Allison Gilbert to attend the Political Communications MA Program at Goldsmiths, University of London.

11:15 AM

Warm and hearty congratulations to Allison Gilbert on her acceptance to Goldsmith's M.A. Program in Political Communications!  []  Allison's senior thesis was on the relationship of folklore and nationalism in Poland, where she has been teaching English since her graduation.

Photo:  A.G. "standing in front of Zamek Książ - a castle owned by a Downton Abbey-esque German family legacy.  During the war Hitler and his buddies took it over and began building underground tunnels way deep underneath the castle but still no one knows for what purpose."

Here is an except from Allison's Senior Thesis: 
After the final partitioning of Poland in 1795, public education was beginning to experience a significant decline.  Curriculas were adjusted to better suit “Germanizing” or “Russification” efforts through eliminating certain topics like Polish history, Polish literature, Polish language, Polish instructors and educators were replaced and more often than not, universities were entirely shut down.  The response to this was the steady development of Polish education, an underground effort placing its educators and universities at the forefront.  The focus of this effort was to extend formal education to as many peasant children as practicable, both in order to sustain the quality educations once provided in public schools and to strengthen the Polish cause to preserve national and ethnic identity in response to pro-Russian, Prussian, and German campaigns and efforts.  These schools were underground establishments and organizations, often secretly run out of family homes, or were groups that masqueraded as clubs for hobbies such as beekeeping.  The main component of the curricula, if not the only component, was Polish literature.  Of course, Polish language was taught and spoken in homes and at Polish schools, but literature provided a compelling, effective, and safer way for Poles to exchange ideas and sentiments throughout and across the partitions through symbols, characters, and plotlines presented in literature.  In addition, literature gave license to discuss daily life practices, prisons, hospitals, homes and other institutional features, which gave rise to a shared sense of morals, values, beliefs, and practices that were and are indicative of “Polishness.”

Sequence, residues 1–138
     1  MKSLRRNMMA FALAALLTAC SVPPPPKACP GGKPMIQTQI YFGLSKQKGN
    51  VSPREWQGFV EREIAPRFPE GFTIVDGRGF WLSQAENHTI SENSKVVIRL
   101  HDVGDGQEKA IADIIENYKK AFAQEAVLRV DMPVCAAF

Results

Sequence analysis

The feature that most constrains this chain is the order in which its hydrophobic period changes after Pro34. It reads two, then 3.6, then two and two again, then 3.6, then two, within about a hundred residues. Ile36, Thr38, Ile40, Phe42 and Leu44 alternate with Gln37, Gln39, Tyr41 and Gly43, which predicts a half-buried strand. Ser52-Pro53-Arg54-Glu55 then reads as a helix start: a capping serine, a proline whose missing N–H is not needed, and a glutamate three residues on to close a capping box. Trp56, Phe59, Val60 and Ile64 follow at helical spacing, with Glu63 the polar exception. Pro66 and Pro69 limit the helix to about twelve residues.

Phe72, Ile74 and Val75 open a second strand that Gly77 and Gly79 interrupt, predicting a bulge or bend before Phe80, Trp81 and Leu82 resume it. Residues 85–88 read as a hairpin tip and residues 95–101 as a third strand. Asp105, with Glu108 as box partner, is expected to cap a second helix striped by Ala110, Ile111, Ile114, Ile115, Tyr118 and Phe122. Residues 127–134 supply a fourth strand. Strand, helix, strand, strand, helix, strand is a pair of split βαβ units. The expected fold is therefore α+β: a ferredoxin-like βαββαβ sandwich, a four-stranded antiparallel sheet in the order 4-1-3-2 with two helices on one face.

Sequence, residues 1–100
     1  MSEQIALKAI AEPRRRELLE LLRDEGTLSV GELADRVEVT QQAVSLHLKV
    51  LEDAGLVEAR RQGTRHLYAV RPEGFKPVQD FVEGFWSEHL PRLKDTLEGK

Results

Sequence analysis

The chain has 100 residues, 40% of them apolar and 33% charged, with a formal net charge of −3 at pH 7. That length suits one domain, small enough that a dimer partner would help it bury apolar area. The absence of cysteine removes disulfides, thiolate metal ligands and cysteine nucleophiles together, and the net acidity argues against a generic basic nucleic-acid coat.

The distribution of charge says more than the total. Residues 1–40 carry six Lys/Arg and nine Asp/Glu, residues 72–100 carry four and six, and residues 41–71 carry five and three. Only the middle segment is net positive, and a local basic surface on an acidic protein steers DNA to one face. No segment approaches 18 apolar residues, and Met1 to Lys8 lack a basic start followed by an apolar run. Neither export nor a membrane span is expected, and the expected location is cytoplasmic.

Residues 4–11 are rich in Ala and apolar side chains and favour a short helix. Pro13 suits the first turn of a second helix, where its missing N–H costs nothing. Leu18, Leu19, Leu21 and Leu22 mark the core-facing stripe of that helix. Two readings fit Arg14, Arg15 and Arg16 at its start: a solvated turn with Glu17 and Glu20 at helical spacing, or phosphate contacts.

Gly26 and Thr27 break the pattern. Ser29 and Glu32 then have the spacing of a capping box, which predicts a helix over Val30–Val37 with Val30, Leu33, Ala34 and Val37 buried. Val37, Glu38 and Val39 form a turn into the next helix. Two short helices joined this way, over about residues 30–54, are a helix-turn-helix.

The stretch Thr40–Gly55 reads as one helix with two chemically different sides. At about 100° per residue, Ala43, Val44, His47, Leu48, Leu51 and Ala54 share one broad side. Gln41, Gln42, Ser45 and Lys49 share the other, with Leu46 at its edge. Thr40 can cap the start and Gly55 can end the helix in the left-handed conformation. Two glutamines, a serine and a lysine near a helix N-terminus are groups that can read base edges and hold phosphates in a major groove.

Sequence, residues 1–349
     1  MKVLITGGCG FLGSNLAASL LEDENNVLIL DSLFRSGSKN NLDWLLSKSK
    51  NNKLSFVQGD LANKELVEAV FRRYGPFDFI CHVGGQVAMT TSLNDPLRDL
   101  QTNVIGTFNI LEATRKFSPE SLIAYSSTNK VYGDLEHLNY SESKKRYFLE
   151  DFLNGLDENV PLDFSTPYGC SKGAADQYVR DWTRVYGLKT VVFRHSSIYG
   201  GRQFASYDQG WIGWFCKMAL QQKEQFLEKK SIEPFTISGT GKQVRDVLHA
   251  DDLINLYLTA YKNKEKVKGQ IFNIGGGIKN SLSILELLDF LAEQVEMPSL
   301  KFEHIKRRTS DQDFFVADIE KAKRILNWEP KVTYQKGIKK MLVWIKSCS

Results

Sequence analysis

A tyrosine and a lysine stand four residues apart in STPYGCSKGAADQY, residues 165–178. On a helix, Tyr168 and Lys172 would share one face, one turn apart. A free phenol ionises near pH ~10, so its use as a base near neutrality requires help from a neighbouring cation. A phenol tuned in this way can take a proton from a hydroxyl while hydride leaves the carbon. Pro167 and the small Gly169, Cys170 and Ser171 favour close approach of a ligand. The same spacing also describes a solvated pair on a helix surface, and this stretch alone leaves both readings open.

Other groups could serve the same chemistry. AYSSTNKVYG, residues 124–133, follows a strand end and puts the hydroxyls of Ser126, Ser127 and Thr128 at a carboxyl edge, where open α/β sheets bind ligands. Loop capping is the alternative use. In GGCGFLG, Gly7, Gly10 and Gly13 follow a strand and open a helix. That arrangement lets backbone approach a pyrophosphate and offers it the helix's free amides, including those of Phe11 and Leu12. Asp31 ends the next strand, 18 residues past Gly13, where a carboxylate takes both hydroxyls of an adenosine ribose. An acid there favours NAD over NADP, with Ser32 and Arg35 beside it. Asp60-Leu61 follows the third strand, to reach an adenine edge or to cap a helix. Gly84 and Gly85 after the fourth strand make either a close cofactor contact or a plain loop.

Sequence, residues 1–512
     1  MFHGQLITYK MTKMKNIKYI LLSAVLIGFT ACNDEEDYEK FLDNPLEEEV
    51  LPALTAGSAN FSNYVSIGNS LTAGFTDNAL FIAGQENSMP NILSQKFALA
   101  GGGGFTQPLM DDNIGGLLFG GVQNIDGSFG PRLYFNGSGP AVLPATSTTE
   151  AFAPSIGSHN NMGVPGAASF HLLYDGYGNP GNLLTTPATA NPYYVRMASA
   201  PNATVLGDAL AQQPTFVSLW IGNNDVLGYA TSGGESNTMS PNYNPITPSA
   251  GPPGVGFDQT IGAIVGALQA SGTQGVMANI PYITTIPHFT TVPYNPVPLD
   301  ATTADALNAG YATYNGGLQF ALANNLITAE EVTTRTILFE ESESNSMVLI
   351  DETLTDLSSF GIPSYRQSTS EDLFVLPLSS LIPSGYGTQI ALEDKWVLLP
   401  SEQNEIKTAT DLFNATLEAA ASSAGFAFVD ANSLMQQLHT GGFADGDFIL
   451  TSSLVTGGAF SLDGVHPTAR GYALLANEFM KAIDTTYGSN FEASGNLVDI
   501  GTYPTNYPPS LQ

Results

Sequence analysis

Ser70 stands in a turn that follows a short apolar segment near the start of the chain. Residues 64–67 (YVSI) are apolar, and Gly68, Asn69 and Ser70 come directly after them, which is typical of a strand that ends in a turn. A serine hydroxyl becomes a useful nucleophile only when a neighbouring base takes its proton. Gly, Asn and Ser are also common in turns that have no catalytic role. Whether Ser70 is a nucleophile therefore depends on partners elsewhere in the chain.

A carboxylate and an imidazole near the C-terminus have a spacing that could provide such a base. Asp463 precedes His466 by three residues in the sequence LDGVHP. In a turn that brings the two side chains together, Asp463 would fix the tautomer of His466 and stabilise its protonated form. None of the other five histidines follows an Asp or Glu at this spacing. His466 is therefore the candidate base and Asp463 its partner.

The decision to focus on literature that was from and belonged to the Polish people equipped them not only with a new means of communication but also with a sense of pride in their history and people.  In the face of heavy censorship and oppression, Poles tended to retreat from public life and escape to the political-literary world provided by Romantic poets.  Readers could experience victories, a sense of fulfillment, and a sense of sovereignty; they could cultivate “…the inner spiritual life, where aesthetic and moral values hold sway over all manifestations of reality.”  Every effort made by the Russians and Prussians to eradicate Polish culture led to an increase in the number of Polish schools and students.  A large number of progressive Poles joined the ever-growing cause, recognizing the power of cultural activism as a safer, more effective alternative to overt radical political action and terrorism.  According to Polish historian Norman Davies, in the Russian partition, “…the typical Polish ‘patriot’ of the turn of the century was not a revolutionary with a revolver in his pocket, but the young lady of good family with a textbook under her shawl…  Polish schoolteachers formed the backbone of the national movements.”  To this day, many Poles will argue that this sentiment is still the case, that Polish national identity is rooted in a sense of rebelliousness that was fostered by the insurrection and those who were inspired by it.

Polish education as a tool for preservation of identity and subversive organizing is now an instinctive response for Poles during times of oppression.  During World War II Poland was met with a military, socio-political machine that was designed to systematically eliminate Polish culture, only this time Polish teachers and leaders were either killed, fled, or relocated to prisons and camps throughout Central Europe.  These new attacks on Polishness were met with a revival of their old methods of resistance.  Polish books were printed and distributed, university curricula were suitably adjusted, and children were gathered in Polish schools throughout occupied cities, forest refuges, émigré groups abroad, and even in concentration camps.  The strength and success of the insurrectionary tradition is reflected not in immediate political outcomes or the number of active insurrectionists, but rather an unyielding dedication, to the necessary attitude, conspiratorial habits, and unwavering commitment to the transfer of Polish literature from generation to generation.

Goldsmiths is is getting a promising and dedicated scholar and we could not be happier for both of them.

Here are some of the other graduate institutions that our students are now attending:
School of Oriental and African Studies, University of London
New School for Social Research
Georgetown University
New York University
City University of New York Graduate Center
University of California, Santa Cruz
Columbia University
Duke University
Goldsmiths University (UK)

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